Robin Sloan
the lab
August 2018

Expressive temperature

This is a very niche post doc­u­ment­ing a tech­nique I think might be use­ful to artists — especially musicians — who want to work with mate­r­ial sam­pled from machine learn­ing sys­tems.

There’s a primer below for peo­ple who are intrigued but not steeped in these tools. If you are, ahem, well-steeped, skip directly to the head­ing Turning the knob. Otherwise, proceed!

A wild horn

A primer on temperature

In machine learn­ing sys­tems designed to gen­er­ate text or audio, there’s often a final step between the sys­tem’s model of the train­ing data and some con­crete out­put that a human can eval­u­ate or enjoy. Technically, this is the sam­pling of a multino­mial distribution, but call it rolling a giant dice, many-many-sided, and also weighted. Weird dice.

To that final dice roll, there’s a fac­tor applied that is called, by convention, the “sam­pling tem­per­a­ture.” Its default value is 1.0, which means we roll the weighted dice just as the model has pro­vided it. But we can choose other val­ues, too. We can tam­per with the dice.

It’s eas­i­est to under­stand with examples.

Here’s some text sam­pled from a model trained on sci­ence fic­tion stories. First, let’s set the sam­pling temperature to 0.1. The weights get divided by the tem­per­a­ture, so a value less than 1.0 will make heavy weights much heavier — which is to say, more likely — giving us a drone of the train­ing data’s most basic themes:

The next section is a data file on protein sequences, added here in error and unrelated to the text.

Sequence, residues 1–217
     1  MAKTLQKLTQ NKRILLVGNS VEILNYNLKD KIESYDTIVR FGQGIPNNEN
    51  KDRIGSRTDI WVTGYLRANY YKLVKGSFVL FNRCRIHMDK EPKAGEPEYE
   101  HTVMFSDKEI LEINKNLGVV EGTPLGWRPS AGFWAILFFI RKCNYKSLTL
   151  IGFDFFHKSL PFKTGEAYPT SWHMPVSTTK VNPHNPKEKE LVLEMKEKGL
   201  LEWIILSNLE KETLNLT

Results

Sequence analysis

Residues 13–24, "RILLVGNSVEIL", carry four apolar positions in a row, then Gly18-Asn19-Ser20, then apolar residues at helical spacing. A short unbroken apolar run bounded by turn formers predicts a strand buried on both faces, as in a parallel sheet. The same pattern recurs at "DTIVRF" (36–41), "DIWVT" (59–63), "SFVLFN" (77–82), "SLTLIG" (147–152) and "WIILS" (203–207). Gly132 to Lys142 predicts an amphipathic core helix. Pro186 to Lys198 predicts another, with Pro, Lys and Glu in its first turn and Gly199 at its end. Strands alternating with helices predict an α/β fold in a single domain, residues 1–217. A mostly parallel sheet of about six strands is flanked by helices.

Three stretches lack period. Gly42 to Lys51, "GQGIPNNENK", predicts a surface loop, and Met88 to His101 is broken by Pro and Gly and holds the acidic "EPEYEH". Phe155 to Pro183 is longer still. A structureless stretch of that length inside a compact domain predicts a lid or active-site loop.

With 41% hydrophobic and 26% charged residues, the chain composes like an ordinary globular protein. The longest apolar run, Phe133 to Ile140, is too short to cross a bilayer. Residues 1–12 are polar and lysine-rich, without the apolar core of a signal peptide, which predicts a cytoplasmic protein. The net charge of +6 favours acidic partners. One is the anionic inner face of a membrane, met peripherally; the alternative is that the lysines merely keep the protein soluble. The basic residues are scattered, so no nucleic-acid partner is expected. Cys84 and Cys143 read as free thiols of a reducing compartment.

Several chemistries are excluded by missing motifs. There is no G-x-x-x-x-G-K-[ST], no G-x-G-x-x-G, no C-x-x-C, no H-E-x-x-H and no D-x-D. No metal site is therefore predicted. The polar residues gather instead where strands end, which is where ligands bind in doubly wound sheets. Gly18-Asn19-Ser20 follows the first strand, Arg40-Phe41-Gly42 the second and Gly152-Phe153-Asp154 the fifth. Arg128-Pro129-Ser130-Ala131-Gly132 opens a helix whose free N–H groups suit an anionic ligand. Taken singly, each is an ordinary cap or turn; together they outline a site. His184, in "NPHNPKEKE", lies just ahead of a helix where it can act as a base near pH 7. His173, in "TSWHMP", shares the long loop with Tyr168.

It was a strange thing. The strange state­ment was that the state of the planet was a strange state of special problems.

You could sam­ple pages and pages of text sam­pled at this tem­per­a­ture and you wouldn’t read about much besides plan­ets and strangeness.

By contrast, if we set the tem­per­a­ture to 1.0, we get a nice, surprising sam­ple:

It was here yesterday. There was a dou­ble fic­tional device with croc­o­dile shoul­ders and phoney oceans and Katchanni.

Katchanni! Okay! You will never, ever find Katchanni at tem­per­a­ture 0.1.

We can crank the sam­pling tem­per­a­ture up even higher. Remember, we’re dividing, so val­ues above 1.0 mean the weights get smoothed out, mak­ing our dice “fairer”—weirder things become pos­si­ble. At 1.5, the text begins to feel like a pot left unat­tended on the stove, hiss­ing and rattling:

It was Winstead, my balked, old-fashioned 46 fodetes ratted.

And maybe that’s an effect we want sometimes! This is the point. I shall put it in bold. Often, when you’re using a machine learn­ing sys­tem to gen­er­ate mate­r­ial, sam­pling tem­per­a­ture is a key expres­sive control.

Sooo … let’s control it.

Turning the knob

If I repeated the exer­cise above but sub­sti­tuted sam­ples of audio for text, you would recog­nize the same pattern: at low (“cool”?) tem­per­a­tures, cau­tion and repetition; around 1.0, a solid attempt to rep­re­sent the diver­sity of the train­ing data; beyond, Here Be Dragons.

It occurred to me, deep into some exper­i­ments with audio, that it should be pos­si­ble to change the temperature not just between sam­ples, but dur­ing them. In other words, to treat sam­pling tem­per­a­ture the way you might a fil­ter knob on a syn­the­sizer, sweep­ing it up or down to lend your sound move­ment and drama.